This website shows images and video of the Arabic letters. It has two sections, one with the Arabic letters in their independent, unconnected forms, and a second showing the letters in all of their various connected forms. Both sections offer videos that show a calligrapher writing out each form of each letter. Videos of the connected letters include words that demonstrate the initial, medial, and final positions of each letter.
For too many Americans, the history class in Ferris Bueller’s Day Off (remember the teacher’s plaintive question, “anyone, anyone?”) is all too familiar. Our approach is meant to challenge this false and familiar image of history: understanding and reconstructing the past requires ways of thinking, reading, and questioning much more engaging and challenging than mere memorization.
Teaching in a way that differs from your own schooling experience is not necessarily easy to imagine, let alone execute. Especially given the many pressures and demands on teachers today. This part of the Historical Thinking Matters website is devoted to providing instructional resources for teacher educators who want to challenge these iconic pictures of history instruction and start preparing their students to teach for historical thinking.
Stanford University professor Robert Sapolsky presents the course Human Behavioral Biology. He begins by explaining the premise of the course and how he aims to avoid categorical thinking. (March 29, 2010)
Human behavioral biology examines traits such as human sexual behavior, emotions memory, perception, and language from a biological perspective. It seeks to identify how human behavior is influenced by brain, sensory, hormone, fetal development and other biological influences.
Good way to get your high school students involved with climate change solutions and communicate with peers locally and internationally about the topic. Measure your carbon footprint using an online calculator, compare students’ footprints worldwide and/or communicate with schools internationally about solutions.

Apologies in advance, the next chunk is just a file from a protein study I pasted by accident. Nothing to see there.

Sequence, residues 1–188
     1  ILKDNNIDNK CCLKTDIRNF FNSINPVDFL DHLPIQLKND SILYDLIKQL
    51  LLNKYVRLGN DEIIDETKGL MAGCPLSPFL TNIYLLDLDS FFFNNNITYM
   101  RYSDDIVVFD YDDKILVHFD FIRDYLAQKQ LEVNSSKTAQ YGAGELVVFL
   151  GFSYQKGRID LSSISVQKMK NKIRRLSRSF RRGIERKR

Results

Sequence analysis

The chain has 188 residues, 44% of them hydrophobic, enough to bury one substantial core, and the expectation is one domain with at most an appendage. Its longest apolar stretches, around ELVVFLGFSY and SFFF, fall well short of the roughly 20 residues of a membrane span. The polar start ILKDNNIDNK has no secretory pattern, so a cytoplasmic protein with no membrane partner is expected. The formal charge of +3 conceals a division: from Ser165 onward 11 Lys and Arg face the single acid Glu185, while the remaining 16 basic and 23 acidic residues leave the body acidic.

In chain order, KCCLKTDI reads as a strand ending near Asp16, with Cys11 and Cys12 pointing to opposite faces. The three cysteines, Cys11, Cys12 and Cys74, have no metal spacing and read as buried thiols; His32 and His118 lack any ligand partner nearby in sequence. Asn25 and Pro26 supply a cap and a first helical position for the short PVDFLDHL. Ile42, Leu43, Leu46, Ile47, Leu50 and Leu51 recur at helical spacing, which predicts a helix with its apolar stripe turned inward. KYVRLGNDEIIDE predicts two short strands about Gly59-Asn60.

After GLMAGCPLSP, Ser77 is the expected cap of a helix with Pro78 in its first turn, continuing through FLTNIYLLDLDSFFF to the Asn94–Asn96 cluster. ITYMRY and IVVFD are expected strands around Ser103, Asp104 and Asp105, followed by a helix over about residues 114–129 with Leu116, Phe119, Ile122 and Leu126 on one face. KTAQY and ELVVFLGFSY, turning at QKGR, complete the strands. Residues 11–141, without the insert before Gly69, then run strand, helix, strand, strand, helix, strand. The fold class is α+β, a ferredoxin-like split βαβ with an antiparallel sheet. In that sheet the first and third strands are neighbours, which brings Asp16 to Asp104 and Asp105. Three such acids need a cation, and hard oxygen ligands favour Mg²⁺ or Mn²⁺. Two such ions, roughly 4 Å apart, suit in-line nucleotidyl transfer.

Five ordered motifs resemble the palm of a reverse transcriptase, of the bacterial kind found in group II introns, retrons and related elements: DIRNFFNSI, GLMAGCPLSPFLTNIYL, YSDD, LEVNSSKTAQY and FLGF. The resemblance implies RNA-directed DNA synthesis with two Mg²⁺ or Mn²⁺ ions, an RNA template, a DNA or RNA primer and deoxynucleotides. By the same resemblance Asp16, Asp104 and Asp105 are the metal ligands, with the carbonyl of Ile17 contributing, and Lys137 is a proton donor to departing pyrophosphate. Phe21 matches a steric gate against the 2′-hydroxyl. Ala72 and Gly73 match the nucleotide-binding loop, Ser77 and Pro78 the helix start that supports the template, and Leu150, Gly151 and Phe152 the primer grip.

Government agencies frequently contract with nonprofit or for-profit organizations to provide services to improve the well-being of their clients―for example, by reducing recidivism, homelessness, or drug use. Governments have traditionally paid service providers on the basis of the number of clients they treat.
The past decade has seen a number of Pay for Success (PFS) or results-based finance (RBF) programs, in which service providers are paid for their outcomes or results. For example, whereas a government agency contracting with a service provider to reduce recidivism among young men released from prison would traditionally have paid the service provider for the hours spent counseling a client, a PFS contract pays the organization for success in reducing the clients’ rate of recidivism from some baseline.
This handbook is written for government officials considering the adoption of Pay For Success (PFS) programs and for students in public policy and business schools interested in studying outcomes-oriented government contracts for services. Part One introduces concepts necessary to develop and operate a service delivery program and then surveys some of the issues specific to PFS. Part Two presents two detailed case studies and a number of shorter descriptions of PFS programs. Part Three focuses on the components of PFS programs; it also discusses barriers to their development and ways of overcoming them.
The wide array of datasets provided in this collection affords educators and learners alike an understanding of several large networks from state roads to the internet. Access data on social networks, Wikipedia use and e-mail communication and much more.
Interactive online tutorial about growing urchin larvae in a lab setting. Students manipulate data and are led through a lab-based situation. There is a module on ocean acidification. Lesson plans can be downloaded from website.